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Tag Archives: AIG

I read both WSJ and NY Times. One leans right and the other left. Unfortunately, many times the rantings (both legitimate and not) make it difficult to wade through the discussions.

I think an important aspect of corporate governance is mission. When corporations lose sight of their mission and focus solely on profitability as their only yardstick then anything goes.

For example if AIG had stuck to insurance as their mission, their means of delivering profits, and therefore wealth, AIG would be a very strong company today.

Another example is GM (I’m inferring a lot from the news articles and I might be wrong but time will tell).

At some point in their history GM prided itself for its differentiation strategy. It knew of every nook and cranny of the auto market, but today by way of profitability, GM is essentially an SUV/truck company.

GM lost sight of its need, its mission, to satisfy the transportation needs of the American public, and set its sights on profits at any expense. In a sense we can say that GM allowed SUV/trucks to subsidize the other segments of its business.

Worse still, its development of the electric car (in my opinion) is something to appease stakeholders. GM’s electric car, the Volt, is not a serious contender for the consumer market as it does only 40 miles on a charge.  The average American drives 33 miles per day. (So you know why 40 miles per charge!) Note these are averages, so a Volt owner is going to be severely restricted ie don’t sell your first car. The need to keep your first car is going to reduce the potential market even further.

Compare this with the Tesla at 244 miles per charge. So the Volt is a dud.

The same can be said of the banking industry, sub-prime is a dud. And probably securitization as we have know it.

Once you control a juggernaut, making profits by itself is easy, just don’t reinvest in your future and you will look good for a while. In brand management this is called ‘milking’.

Corporate governance needs to deal with two issues, (1) staying focused i.e. missions, and (2) seek a balance or to temper “profits today” with “a future tomorrow”.

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Disclosure: I’m a capitalist too, and my musings & opinions on this blog are for informational/educational purposes and part of my efforts to learn from the mistakes of other people. Hope you do, too. These musings are not to be taken as financial advise, and are based on data that is assumed to be correct. Therefore, my opinions are subject to change without notice. This blog is not intended to either negate or advocate any persons, entity, product, services or political position.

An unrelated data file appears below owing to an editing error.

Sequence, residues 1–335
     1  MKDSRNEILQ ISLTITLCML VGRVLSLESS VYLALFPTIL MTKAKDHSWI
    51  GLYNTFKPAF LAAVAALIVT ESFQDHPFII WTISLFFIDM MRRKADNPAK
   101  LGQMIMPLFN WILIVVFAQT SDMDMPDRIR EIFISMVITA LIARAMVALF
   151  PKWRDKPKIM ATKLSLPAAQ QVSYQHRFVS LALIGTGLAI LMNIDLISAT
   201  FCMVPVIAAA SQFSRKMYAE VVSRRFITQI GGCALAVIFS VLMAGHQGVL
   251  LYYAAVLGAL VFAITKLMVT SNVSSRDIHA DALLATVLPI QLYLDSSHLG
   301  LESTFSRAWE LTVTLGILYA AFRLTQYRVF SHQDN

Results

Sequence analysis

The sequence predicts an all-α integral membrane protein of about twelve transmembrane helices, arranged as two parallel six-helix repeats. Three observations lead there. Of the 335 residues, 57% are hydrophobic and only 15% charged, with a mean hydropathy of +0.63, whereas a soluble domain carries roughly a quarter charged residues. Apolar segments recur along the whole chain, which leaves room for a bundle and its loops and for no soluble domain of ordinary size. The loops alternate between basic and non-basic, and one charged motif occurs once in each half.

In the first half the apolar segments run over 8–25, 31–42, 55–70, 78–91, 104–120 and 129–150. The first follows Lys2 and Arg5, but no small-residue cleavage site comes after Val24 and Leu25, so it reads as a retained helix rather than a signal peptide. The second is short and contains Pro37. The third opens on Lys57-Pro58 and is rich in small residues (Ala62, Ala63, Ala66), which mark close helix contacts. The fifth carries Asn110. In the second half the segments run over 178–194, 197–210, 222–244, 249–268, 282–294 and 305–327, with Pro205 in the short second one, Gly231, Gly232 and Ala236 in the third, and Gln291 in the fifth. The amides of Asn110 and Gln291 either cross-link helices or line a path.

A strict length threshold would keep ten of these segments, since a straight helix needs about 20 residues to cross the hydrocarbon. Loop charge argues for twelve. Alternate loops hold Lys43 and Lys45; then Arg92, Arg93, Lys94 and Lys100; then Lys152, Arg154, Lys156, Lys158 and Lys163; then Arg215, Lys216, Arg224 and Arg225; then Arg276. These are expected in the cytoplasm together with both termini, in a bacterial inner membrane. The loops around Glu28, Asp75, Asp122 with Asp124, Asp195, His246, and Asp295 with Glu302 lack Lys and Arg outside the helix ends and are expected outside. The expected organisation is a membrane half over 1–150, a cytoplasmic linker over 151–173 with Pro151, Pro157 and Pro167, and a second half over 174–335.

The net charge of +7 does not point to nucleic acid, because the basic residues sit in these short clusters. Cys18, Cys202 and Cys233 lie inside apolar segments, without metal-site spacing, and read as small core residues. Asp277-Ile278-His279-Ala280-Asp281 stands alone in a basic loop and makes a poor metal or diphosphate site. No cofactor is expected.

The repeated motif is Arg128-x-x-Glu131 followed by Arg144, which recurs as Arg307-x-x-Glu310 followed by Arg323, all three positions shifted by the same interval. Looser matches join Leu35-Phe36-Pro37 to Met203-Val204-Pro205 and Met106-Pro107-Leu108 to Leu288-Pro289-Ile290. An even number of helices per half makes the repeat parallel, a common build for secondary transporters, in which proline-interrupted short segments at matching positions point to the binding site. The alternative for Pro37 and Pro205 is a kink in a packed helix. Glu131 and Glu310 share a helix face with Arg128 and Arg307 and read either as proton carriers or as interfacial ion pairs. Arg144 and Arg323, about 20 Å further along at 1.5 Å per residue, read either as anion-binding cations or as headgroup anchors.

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In his article Why Governments Can’t Run a Business Gordon raises many good issues, but Mr. Gordon here is a reminder and rebuttal to each of your points:

1. Governments are run by politicians, not businessmen.
Quite obviously I do not know how you would define businessmen. Remember, Worldcom, Enron, Arthur Andersen, Merrill Lynch, Morgan Stanley, AIG…

2. Politicians need headlines.
Using the examples above I can understand why businessmen don’t like headlines.

3. Governments use other people’s money.
How do banks get their funds?

4. Government does not tolerate competition.
Have you forgotten Standard Oil?

5. Government enterprises are almost always monopolies and thus do not face competition at all.
Oh wow, if cutting cost is alien to the culture of all bureaucracies, then private medical insurance must be free by now, right?

6. Successful corperations are run by benevelont despots.
Sorry, I forgot GM had over-looked 50 years of losing market share.

7. Government is regulated by government.
Have you forgotten what happened to Wall St in 2008 with minimal regulation?

 

My point is, blaming the other side either overtly or covertly, is not going to help America.

Benjamin T Solomon
Managing Principal
QuantumRisk LLC

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Disclosure: I’m a capitalist too, and my musings & opinions on this blog are for informational/educational purposes and part of my efforts to learn from the mistakes of other people. Hope you do, too. These musings are not to be taken as financial advise, and are based on data that is assumed to be correct. Therefore, my opinions are subject to change without notice. This blog is not intended to either negate or advocate any persons, entity, product, services or political position.
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Felix Salmon’s blog How Much Worse Can AIG Get? got me wondering.

If AIG believes that it must pay $165 million in bonuses to retain it key people at the severe risk of public rath, and government displeasure, don’t you think that the problems we have seen at AIG are only the tip of the iceberg?

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Disclosure: I’m a capitalist too, and my musings & opinions on this blog are for informational/educational purposes and part of my efforts to learn from the mistakes of other people. Hope you do, too. These musings are not to be taken as financial advise, and are based on data that is assumed to be correct. Therefore, my opinions are subject to change without notice. This blog is not intended to either negate or advocate any persons, entity, product, services or political position.
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